This is not the time for the foolishness.

I [believe] in personal responsibility as much as the next guy, but I don't think anyone has established that all or even the majority of the people who flunked out weren't doing everything in their power to succeed.  They were graded on a curve so that even having learned the material well enough to pass the bar or help clients may not have been enough to earn good grades.  There is no reason to fail law students on a comparative basis (while Galt has persuasively argued that this may be reasonable in other contexts). And, let's be honest, law school, and particularly the high-stakes testing, is a difficult adjustment for a lot of students.  Weighing first-semester grades so heavily in retention decisions seems unfair.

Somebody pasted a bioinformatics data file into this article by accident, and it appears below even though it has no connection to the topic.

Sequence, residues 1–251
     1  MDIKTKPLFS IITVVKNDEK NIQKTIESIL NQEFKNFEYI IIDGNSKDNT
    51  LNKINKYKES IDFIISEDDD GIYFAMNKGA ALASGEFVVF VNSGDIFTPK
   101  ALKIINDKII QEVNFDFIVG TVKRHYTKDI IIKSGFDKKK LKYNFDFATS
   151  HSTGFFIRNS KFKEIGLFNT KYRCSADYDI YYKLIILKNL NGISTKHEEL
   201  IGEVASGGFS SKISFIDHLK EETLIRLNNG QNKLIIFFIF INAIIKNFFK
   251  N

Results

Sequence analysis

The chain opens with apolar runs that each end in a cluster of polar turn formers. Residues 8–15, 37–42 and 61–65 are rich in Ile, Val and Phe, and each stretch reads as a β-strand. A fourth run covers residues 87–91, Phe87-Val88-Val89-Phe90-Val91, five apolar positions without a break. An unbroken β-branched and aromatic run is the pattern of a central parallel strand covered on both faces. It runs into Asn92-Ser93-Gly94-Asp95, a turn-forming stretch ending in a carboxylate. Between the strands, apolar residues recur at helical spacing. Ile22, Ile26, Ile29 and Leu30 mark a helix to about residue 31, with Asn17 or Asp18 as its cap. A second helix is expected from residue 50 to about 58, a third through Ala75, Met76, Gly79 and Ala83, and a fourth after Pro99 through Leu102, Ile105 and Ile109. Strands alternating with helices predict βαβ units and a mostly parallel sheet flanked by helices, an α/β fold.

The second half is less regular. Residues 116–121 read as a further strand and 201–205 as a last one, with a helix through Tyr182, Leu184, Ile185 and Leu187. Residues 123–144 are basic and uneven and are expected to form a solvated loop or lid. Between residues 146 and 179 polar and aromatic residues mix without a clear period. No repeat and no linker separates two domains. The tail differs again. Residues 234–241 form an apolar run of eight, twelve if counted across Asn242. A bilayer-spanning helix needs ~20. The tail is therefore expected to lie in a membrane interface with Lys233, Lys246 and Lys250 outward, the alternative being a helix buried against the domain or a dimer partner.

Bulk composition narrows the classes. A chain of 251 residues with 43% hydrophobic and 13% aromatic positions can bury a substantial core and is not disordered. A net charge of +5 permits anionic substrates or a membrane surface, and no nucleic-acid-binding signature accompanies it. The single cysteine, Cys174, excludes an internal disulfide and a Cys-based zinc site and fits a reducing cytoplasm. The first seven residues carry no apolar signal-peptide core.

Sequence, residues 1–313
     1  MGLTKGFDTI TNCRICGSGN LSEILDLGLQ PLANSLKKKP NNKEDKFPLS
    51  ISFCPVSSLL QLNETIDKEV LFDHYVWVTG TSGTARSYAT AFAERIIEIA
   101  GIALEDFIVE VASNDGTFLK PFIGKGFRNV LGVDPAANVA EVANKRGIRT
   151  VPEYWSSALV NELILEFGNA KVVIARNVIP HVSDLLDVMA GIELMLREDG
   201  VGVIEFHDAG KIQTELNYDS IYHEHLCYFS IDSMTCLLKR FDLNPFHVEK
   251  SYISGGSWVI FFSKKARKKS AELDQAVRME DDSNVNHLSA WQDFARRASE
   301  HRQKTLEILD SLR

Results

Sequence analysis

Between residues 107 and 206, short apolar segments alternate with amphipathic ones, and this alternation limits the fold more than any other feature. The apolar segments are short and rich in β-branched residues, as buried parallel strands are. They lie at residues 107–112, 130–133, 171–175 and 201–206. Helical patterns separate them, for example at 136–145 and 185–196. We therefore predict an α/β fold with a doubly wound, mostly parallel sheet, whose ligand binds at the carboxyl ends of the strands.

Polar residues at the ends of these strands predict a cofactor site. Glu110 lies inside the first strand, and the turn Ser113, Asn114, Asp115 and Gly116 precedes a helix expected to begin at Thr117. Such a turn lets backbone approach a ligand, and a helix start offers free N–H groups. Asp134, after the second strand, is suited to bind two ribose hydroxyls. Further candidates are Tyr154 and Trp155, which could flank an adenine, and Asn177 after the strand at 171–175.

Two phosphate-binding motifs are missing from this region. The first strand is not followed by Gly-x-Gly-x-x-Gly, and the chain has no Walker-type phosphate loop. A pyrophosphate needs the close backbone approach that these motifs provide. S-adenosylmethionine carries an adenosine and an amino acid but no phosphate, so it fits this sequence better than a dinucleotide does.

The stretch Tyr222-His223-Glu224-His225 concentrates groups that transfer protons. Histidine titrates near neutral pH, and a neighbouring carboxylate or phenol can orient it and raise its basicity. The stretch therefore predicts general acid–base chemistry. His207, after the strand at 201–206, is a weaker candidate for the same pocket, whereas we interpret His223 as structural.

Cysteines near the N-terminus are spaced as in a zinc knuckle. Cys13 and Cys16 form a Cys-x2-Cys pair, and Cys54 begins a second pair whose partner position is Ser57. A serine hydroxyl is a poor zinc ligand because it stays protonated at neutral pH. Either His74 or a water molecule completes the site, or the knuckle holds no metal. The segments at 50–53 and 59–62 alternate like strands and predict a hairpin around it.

EDITed as indicated.


it may have not been established but i would be willing to bet that if you tried to establish it, it wouldn't be difficult. every one on this board is bright (as measured by raw intelligence) law school is a lot of work but it's not anything that somebody of above average intelligence should not be able to grasp. there are a lot of lawyers out there and most of them are not thurgood marshall but they graduated. i guess i agree that some law schools should be closed. if your lsat score indicates that you can not succeed at what is considered a "respectable" law school then you should not go. if you go to a "bad" law school and can not cut it then to me that says find another career path. i'm sorry but there are too many bad lawyers out there for law schools to be bending over backward so that you can graduate. i agree with the other posters the resources are there the assistance is there. i understand that there is a curve but the curve is there for a reason, to weed out those who will be bad lawyers and i think it works. law school is distinct from UG in that you are not "getting an education" so that you can go on to do other things. you are training for a profession in which you will be paid a lot of money for your "expertise" by people who expect you to know what you're doing.